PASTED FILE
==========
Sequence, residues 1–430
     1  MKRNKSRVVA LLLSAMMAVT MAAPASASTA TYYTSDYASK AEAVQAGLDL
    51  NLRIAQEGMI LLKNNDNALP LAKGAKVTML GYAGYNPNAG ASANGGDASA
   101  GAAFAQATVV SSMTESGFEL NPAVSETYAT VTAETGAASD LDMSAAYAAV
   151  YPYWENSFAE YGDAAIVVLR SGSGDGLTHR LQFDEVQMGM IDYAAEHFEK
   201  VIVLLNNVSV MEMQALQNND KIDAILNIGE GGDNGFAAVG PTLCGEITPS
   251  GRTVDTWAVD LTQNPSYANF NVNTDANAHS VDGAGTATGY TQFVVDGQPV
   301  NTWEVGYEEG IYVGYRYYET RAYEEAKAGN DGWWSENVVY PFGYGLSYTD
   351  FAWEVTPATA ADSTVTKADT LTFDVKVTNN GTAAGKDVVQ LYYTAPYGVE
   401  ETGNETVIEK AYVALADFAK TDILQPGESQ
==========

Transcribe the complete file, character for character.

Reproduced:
Sequence, residues 1–430
     1  MKRNKSRVVA LLLSAMMAVT MAAPASASTA TYYTSDYASK AEAVQAGLDL
    51  NLRIAQEGMI LLKNNDNALP LAKGAKVTML GYAGYNPNAG ASANGGDASA
   101  GAAFAQATVV SSMTESGFEL NPAVSETYAT VTAETGAASD LDMSAAYAAV
   151  YPYWENSFAE YGDAAIVVLR SGSGDGLTHR LQFDEVQMGM IDYAAEHFEK
   201  VIVLLNNVSV MEMQALQNND KIDAILNIGE GGDNGFAAVG PTLCGEITPS
   251  GRTVDTWAVD LTQNPSYANF NVNTDANAHS VDGAGTATGY TQFVVDGQPV
   301  NTWEVGYEEG IYVGYRYYET RAYEEAKAGN DGWWSENVVY PFGYGLSYTD
   351  FAWEVTPATA ADSTVTKADT LTFDVKVTNN GTAAGKDVVQ LYYTAPYGVE
   401  ETGNETVIEK AYVALADFAK TDILQPGESQ